CORRECTION: I mistakenly read the linked article to state that the Hamas proposal accepts an Israeli state in 1967 borders, when it actually accepts a Palestinian state in 1967 borders.
Pan-Arab media has reported that Hamas has been rewriting its Charter. Purported changes would accept a Palestinian state within 1967 border. They would also eliminate offensive statements blaming Jews for oppressing the Palestinians. It would also renounce Hamas’ former bond with the Muslim Brotherhood.
If Hamas does revise its Charter to reflect these changes it would mean that it tacitly accepts a two-state solution. Though it would not be formally accepting or recognizing Israel, it would be accepting a Palestinians state that does not incorporate Israel. In effect, it renounces a one-state solution, which for decades has been the platform of both Hamas and the anti-Zionist left.
This is odd since there never has been less chance of realizing a tw0-state solution than the present. The peace process between Israel and the Palestinians is moribund. With Israel’s extremist government and the new U.S. president, the region hasn’t been farther away from a peace deal in ages. Of course, these changes will be important once a more pragmatic U.S. government takes office. But that’s not likely to be for another four years at least. So the timing of this appears a bit strange.
But there are other political developments moving this rapprochement forward. Most focus on Hamas-Egyptian relations. There are several important things each side seeks from the other: first, Hamas is being strangled by the siege from both the Israel and Egyptian sides. If Egypt would relieve the blockade the Gaza economy would markedly improve and offer huge political benefits to Hamas by offering relief to Gazans.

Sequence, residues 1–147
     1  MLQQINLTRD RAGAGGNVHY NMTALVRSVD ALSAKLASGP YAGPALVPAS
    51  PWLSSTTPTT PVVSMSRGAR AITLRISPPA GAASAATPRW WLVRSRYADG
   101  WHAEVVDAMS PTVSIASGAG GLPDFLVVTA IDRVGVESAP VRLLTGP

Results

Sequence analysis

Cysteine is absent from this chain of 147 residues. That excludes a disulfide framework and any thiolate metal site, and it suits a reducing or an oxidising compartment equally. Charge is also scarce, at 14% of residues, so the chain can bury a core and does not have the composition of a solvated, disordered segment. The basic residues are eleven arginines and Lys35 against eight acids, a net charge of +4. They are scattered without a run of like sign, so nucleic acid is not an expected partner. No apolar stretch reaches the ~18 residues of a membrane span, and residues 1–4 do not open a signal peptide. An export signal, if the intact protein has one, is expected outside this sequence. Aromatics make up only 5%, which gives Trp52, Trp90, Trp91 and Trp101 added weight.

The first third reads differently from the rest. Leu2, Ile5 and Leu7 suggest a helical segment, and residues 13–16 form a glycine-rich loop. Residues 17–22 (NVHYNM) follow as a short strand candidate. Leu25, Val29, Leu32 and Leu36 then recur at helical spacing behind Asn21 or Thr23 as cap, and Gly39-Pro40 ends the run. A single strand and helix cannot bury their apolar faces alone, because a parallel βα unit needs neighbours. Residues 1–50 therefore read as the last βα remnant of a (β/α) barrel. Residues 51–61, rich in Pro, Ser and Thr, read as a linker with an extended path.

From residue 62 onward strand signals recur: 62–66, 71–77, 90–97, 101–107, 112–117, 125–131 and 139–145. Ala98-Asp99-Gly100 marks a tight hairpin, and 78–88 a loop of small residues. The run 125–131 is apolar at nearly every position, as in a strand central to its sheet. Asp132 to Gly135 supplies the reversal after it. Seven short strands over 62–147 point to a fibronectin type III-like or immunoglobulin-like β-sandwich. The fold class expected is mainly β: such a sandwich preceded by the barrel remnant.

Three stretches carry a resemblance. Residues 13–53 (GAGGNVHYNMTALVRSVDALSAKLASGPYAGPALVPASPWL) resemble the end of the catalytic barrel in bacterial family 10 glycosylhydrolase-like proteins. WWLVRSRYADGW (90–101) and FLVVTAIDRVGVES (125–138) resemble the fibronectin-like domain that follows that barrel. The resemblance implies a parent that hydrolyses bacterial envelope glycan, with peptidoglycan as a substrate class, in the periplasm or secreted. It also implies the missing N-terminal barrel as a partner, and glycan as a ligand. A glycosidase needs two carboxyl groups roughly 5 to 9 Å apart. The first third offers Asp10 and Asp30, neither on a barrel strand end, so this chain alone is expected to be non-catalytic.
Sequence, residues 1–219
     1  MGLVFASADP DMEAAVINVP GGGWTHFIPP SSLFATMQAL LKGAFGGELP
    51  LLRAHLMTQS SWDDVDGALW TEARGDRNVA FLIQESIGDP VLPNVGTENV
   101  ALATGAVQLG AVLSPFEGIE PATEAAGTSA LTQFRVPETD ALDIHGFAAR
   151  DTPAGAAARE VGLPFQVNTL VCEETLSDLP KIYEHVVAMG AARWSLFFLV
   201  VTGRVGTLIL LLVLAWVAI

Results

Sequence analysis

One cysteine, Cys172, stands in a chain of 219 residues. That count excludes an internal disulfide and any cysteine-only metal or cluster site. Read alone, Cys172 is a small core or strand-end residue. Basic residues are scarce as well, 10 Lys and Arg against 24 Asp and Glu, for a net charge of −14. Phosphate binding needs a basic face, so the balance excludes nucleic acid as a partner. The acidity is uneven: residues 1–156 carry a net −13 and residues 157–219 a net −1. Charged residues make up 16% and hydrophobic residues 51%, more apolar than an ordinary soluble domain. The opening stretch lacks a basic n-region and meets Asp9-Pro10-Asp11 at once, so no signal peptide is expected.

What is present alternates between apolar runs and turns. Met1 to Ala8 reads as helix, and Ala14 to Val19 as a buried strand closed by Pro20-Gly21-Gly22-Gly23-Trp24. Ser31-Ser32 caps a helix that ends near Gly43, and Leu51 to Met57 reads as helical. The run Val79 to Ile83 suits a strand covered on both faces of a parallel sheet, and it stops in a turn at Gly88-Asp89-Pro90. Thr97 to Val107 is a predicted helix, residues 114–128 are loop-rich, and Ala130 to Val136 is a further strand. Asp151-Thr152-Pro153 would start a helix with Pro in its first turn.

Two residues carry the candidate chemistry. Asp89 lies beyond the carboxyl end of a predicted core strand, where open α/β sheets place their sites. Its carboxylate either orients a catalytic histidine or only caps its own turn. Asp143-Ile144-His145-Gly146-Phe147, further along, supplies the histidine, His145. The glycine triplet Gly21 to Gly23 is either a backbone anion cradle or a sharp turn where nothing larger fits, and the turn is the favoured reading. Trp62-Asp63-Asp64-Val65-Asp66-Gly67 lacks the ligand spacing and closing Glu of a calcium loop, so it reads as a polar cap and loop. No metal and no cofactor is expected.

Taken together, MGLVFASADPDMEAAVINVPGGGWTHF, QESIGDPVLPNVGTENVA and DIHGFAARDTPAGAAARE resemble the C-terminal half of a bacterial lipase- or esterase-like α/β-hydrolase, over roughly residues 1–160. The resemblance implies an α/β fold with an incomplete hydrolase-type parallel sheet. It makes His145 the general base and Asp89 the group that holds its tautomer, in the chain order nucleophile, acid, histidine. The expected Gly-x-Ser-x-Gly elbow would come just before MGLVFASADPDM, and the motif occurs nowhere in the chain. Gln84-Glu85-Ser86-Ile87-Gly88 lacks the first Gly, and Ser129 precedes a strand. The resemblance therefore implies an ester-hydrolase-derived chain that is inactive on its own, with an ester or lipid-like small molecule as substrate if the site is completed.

Egypt faces an enormous internal security threat from Islamists roaming the Sinai who’ve killed hundreds of police and army personnel. Coptic Christians were killed in the most recent attack. Until recently, because Hamas’ sole form of income was the tunnels between Gaza and Egypt, it would permit the free flow of arms and militants from its side to the Egyptian. From there, according to media reports, the terrorists would enter Egypt and engage in acts of terror in Sinai. If Egypt can shut off this source of men and munitions, it might eliminate or drastically reduce the Sinai terror threat.
How will this affect Egypt-Israel relations? Israel has an exceedingly close relationship with the military junta. It has attacked Sinai militants on Egyptian soil on behalf of the al-Sisi regime. It shares intelligence information on such threats as well. Israel hates Hamas. Therefore, Israel cannot welcome this reconciliation. I’m curious how it will respond to these overtures.
If I told you the number of times such promising developments were announced, only to have them come to naught, you’d wouldn’t believe me. So all this may end up amounting to nothing. Or if this is realized, it could portend a major thawing in relations between Hamas and the outside world. For example, the EU might reconsider Hamas’ listing as a terrorist organization. This, in turn, would further isolate the U.S. and Israel as the rejectionists when it comes to dialogue with the Palestinians.